Are questions about pet loss, grief, etc on topic for this site, or are they better suited for Cognitive Sciences?

See: What are good techniques for coping with the loss of a dog?

  • 1
    I'm not sure on this yet, still thinking about it.... but I am confused why you were told to narrow the scope to a specific pet to keep it from being "too broad". How is the loss of a dog more of a narrow scope than the loss of any pet. – psubsee2003 Oct 16 '13 at 0:54
  • @psubsee2003 made a meta here for this: meta.pets.stackexchange.com/questions/341/… – Andrew Oct 16 '13 at 0:58
  • @psubsee2003 I won't grieve the way I'll grieve for a dog the same way I'll grieve for a chicken. But that's my opinion, If you disagree then you can vote to close the question – user34 Oct 16 '13 at 1:08
  • 1
    +1 good to bring this type of Q to the table, as I'm sure we will get more of them. cheers – user87 Oct 16 '13 at 5:44

Questions asking how to help owner's cope with any kind of emotional issue due to their pet is off topic, it's not about the pet, it's about the owner's welfare. It's not a grief and loss site, it's a site concerning the welfare of our pets.

How can we make putting one of our two dogs to sleep easier on the remaining dog?

This is a good example of what's on topic, helping a pet cope with the loss of another pet.


I can see that as being on-topic, but unless the question is a little bit more detailed and specific, I'd wait until after we've been in public beta before asking questions like this.

We should remember that the goal of the private beta is to maximize the chances of attracting experts to the site who will be able to answer the really tough questions. If there are too many basic "list things for me" type questions where the questions appear to be asked by what could be construed as amateurs, then it may not attract experts. Basically, all of us that are here for the private beta are tasked with designing an expert level Q&A site.

Most people who have cared for a pet should broadly know techniques for how to cope with the loss of a pet, so such a question tends to be more of a "getting to know you" type question. See Good Subjective, Bad Subjective for more details. Also, such questions don't require the same level of expertise as a real, actual problem.

With that said, I'm not saying the question is a bad question, and it actually got one really good answer. There's a lot of different directions we can take this question in terms of editing in order to get it reopened and reopen it as a stellar example of an expert level Pets Stack Exchange question. The best questions, the ones we should ask in the private beta, are about real, actual problems we're facing, and I support editing the question to add more details and depth, or rewording it so it has a real actual backstory (or a perceived, made-up backstory that paints a stronger picture of a real, actual pet loss):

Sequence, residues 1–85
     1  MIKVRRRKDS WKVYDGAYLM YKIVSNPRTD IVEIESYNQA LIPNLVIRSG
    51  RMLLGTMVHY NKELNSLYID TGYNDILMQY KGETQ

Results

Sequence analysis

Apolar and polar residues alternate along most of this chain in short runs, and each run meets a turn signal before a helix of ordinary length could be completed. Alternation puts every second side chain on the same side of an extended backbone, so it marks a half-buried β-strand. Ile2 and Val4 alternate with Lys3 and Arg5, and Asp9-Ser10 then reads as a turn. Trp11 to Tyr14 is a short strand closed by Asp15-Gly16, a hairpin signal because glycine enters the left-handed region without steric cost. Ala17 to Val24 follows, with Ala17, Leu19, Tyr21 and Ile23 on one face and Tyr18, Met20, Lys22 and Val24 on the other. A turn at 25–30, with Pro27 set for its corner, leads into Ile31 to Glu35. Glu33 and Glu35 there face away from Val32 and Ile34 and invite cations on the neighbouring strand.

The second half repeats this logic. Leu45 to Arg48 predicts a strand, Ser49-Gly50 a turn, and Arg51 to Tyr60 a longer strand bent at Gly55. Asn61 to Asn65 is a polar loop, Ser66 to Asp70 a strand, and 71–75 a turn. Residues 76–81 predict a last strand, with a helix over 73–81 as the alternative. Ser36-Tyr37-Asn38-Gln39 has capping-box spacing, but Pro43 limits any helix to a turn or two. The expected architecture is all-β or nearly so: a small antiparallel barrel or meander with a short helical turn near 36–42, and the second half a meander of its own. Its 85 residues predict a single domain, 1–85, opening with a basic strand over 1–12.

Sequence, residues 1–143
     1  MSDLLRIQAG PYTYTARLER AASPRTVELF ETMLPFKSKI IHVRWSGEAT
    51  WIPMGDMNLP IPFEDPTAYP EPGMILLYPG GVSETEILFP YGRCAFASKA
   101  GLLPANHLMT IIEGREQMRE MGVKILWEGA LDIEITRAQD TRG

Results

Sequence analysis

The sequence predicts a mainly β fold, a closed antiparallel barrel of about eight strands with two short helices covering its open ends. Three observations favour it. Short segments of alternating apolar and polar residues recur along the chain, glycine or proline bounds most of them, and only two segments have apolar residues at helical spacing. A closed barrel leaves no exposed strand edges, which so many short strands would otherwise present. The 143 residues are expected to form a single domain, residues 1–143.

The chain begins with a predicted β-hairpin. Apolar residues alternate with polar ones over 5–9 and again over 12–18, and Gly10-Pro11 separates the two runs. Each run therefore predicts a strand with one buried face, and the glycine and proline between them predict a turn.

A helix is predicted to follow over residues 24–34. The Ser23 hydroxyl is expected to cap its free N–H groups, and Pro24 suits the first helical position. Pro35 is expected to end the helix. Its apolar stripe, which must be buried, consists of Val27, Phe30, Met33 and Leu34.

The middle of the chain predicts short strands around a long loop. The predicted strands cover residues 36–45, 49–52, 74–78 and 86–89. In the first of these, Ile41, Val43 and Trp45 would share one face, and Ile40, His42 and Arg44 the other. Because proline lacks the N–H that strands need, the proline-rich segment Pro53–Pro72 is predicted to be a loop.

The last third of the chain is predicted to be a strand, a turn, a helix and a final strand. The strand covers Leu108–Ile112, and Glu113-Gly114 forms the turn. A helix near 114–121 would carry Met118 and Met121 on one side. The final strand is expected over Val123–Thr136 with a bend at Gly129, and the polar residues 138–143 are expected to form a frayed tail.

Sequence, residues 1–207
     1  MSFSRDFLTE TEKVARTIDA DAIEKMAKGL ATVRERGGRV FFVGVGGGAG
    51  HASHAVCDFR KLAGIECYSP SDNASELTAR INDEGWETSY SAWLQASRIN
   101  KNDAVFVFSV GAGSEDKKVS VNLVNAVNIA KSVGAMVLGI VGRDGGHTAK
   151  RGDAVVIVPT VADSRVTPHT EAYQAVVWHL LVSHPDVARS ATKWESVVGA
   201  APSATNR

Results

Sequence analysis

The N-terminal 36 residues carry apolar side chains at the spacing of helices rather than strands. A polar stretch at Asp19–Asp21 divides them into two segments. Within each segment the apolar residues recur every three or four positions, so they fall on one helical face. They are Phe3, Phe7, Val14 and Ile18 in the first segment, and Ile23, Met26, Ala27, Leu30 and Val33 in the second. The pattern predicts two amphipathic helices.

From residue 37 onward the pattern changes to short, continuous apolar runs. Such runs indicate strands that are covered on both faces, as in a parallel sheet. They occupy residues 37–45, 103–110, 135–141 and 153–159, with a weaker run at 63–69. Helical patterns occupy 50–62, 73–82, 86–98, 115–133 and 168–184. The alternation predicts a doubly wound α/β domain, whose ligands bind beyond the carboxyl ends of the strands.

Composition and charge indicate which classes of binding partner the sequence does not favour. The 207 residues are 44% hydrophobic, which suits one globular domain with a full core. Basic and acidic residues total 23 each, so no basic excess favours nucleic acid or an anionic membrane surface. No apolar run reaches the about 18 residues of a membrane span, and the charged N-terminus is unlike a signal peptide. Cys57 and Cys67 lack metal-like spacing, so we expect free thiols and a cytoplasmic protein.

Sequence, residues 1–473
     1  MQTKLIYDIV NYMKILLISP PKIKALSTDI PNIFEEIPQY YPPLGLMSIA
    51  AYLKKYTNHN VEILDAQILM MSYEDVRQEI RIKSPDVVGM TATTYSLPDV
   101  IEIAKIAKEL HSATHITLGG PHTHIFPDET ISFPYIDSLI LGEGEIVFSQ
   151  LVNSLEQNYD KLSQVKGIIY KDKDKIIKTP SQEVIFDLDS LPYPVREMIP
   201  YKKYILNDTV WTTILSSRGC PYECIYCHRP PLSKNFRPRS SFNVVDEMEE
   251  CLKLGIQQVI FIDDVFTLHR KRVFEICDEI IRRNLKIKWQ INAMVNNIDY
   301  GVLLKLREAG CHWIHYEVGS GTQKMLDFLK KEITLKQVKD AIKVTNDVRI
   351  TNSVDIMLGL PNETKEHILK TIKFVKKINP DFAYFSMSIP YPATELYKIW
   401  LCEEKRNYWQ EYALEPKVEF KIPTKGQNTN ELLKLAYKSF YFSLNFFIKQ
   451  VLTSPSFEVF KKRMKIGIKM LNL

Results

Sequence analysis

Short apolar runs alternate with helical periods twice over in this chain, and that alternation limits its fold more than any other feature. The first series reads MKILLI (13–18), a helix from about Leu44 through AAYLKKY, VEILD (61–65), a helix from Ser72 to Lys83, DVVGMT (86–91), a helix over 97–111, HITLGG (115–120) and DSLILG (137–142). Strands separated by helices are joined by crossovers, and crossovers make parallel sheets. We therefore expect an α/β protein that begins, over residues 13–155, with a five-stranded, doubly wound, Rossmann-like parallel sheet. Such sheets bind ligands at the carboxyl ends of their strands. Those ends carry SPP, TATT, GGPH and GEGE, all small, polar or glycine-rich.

I lost my dog this week due to an illness. He was very young and this was a surprise. The vet said he died due to X disease, which should have been preventable if I hadn't missed one of his vaccinations. I didn't mean to miss it, but I'm working 60 hours per week to save money for school and lost track of time. I don't have kids and have never really lost anyone close to me, and this was my first pet.

I feel sick to my stomach all the time, am wracked with guilt, and feel responsible. What techniques can I use to cope with the loss of my dog?

I know my version is very macabre and depressing, perhaps even evoking some strong emotions in people who feel there's no excuse for negligence, but I hope this helps inspire what's possible with this question to paint a more detailed, interesting picture that will attract people with deep experience in this subject. Hope this helps!

  • Your answer is a little too oblique to vote on, you are saying owner grief and loss are on topic (by agreeing with the Q) but then specifying a different on topic topic, I'd suggest by rewording, I don't think these should be ontopic, except regarding to issues surrounding; bla bla bla what do you think? – user87 Oct 16 '13 at 5:40
  • 1
    @Skippy - What I'm saying is it should be on topic, but it shouldn't be broad. There's two separate issues here. Basically, it would be best to see people like you, with tons of experience with animals, writing an answer about loss and grief to a very tough question where only someone who has really truly experienced it can answer, versus having a question where just anyone can drop by and write some vague coping technique as an answer that doesn't address a real case of loss where there are real emotions involved. I'm a bit wordy this evening, so I hope this helps clarify. – jmort253 Oct 16 '13 at 5:44
  • 1
    @Skippy - In short, I'd love to see that question reopened, but I think we can use the "on hold" feature for what it was really meant for -- a tool for editing and improving a post so that it becomes a shining, stellar example of expert Q&A. I was thinking of editing it myself, but I wanted to give the asker a crack at it first since my edits might be construed as a massive change to the post. Hope this helps! :) – jmort253 Oct 16 '13 at 5:48
  • You have talked me into it :) – user87 Oct 16 '13 at 16:49
  • @jmort253 it's my question, so don't be afraid to propose an edit. It's on hold anyways, and I don't plan to change it. – Andrew Oct 16 '13 at 21:09

You must log in to answer this question.

Not the answer you're looking for? Browse other questions tagged .